Meanwhile, owning fewer single-use items lets you learn flexibility.  Maybe canning jars are used as drinking glasses, food storage containers, and office supply or sewing kit organizers.  Maybe one table becomes a desk, dining area, and craft space.  


When buying something stops being your default behavior to every need, you get much more creative with what's on hand.  You get better at borrowing and sharing.  Instead of being a self-contained loner, you open up to greater possibilities.


9.  Minimalism is anal.

Its true that minimalists keep up with chores because we can't afford not to.  If we don't do laundry for two weeks, we'll run out of clean clothes.  If we don't wash the dishes every evening, we won't have anything to eat from the next morning.  Minimalists never have to dig out of a big mess because we don't own enough stuff to create one.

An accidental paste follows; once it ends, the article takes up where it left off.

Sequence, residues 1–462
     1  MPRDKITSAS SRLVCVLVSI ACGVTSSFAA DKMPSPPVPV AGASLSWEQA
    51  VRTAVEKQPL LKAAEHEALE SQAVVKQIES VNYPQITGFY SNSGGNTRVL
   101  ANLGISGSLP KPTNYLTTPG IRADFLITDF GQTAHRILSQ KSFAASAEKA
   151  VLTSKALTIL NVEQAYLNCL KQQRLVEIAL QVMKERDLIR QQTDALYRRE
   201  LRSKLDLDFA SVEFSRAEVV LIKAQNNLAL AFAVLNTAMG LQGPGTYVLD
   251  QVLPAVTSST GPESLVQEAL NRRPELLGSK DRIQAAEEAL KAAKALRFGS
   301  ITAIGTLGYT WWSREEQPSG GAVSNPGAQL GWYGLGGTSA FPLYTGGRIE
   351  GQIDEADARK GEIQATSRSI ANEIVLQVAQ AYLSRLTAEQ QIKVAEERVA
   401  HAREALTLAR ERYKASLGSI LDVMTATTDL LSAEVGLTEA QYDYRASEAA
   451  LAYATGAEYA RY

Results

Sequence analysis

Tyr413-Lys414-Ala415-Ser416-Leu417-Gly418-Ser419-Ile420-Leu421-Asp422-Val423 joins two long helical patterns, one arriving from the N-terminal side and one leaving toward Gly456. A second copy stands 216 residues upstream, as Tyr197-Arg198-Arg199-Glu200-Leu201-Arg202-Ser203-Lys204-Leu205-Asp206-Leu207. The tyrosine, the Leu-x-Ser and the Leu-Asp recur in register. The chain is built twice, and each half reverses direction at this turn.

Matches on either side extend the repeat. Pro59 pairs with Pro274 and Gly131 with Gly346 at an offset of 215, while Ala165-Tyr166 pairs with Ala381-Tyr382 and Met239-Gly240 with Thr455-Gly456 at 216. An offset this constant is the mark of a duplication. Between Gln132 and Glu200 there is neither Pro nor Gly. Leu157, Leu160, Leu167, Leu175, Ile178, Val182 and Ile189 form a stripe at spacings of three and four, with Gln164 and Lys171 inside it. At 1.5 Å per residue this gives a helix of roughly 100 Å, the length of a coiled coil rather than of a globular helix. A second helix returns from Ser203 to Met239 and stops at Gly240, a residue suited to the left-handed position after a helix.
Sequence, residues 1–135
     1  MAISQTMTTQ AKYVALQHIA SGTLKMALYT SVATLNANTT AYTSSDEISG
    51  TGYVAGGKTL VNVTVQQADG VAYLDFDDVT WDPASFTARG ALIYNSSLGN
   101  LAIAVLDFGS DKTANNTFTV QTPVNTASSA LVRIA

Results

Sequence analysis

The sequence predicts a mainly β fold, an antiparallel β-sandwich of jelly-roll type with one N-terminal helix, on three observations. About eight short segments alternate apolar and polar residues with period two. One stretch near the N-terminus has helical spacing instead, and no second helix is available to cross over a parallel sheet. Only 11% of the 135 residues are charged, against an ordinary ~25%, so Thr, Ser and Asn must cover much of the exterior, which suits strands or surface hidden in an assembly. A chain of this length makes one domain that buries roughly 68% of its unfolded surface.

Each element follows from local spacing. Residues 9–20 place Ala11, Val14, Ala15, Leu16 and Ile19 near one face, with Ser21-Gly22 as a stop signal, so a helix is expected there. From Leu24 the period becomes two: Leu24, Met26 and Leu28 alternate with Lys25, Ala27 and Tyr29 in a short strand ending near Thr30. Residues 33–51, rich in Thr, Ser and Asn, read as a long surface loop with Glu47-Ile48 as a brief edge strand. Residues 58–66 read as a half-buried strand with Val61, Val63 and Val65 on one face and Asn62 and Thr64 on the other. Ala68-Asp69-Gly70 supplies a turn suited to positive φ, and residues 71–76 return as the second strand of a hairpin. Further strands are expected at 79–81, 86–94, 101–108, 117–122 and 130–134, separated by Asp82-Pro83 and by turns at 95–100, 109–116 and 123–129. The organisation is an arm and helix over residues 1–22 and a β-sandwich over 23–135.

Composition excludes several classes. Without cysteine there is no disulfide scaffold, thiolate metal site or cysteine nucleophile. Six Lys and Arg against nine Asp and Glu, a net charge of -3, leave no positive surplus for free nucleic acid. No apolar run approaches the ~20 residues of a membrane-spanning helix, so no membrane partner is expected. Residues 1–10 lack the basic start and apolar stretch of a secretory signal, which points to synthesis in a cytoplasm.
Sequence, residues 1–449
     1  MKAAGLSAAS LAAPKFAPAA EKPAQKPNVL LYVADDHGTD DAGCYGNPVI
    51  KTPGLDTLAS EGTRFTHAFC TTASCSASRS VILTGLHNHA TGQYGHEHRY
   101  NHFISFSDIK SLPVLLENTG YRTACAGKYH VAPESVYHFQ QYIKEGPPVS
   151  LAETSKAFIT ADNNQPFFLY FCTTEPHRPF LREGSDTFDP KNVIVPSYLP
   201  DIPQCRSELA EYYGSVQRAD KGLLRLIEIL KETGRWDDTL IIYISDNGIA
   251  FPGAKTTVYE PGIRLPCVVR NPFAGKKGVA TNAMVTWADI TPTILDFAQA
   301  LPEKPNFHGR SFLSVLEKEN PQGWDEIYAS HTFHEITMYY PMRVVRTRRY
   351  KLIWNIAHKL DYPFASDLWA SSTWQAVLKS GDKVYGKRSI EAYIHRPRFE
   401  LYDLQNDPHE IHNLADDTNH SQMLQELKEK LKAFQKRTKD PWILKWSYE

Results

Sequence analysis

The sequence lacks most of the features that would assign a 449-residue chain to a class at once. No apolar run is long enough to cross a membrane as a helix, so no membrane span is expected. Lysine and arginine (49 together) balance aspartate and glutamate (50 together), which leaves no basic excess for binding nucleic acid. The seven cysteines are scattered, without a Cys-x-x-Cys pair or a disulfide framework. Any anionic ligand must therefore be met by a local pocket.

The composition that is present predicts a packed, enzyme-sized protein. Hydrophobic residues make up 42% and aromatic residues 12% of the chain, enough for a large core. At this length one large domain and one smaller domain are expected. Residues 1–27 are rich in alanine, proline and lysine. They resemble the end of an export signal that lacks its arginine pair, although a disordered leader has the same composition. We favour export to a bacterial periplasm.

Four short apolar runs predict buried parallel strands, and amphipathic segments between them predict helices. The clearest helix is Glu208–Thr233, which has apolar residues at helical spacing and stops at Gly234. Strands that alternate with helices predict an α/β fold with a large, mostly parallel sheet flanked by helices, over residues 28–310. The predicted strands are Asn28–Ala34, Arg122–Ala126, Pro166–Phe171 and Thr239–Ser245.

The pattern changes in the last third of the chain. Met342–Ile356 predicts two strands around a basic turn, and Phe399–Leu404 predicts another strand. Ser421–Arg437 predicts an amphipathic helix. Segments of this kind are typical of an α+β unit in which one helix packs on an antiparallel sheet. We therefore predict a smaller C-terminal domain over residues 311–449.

But trying to keep life Instagram-perfect might be almost as much of a problem as hoarding.  Minimalism is about adding order and focus in your life, but it still accepts that life is change.  We're alive, so we consume, and things enter and leave our homes all the time.


A common question is "What can I do about my partner's clutter?"  The answer is that just as you wish for understanding and respect in your life choices, you must offer the same to others.  Every relationship involves give and take.  See if you can reach agreement about removing clutter from certain areas (such as entries, hallways, or the bedroom).  Perhaps you can agree that kitchen and bathroom counters need to be clean and tidy (for hygiene's sake).  Then back off.  If you're unhappy and constantly critical, you're no advertisement for minimalism.


Make sure that your minimalism is about controlling your own spaces, not about controlling other people.


10.  Minimalism is a one-time event.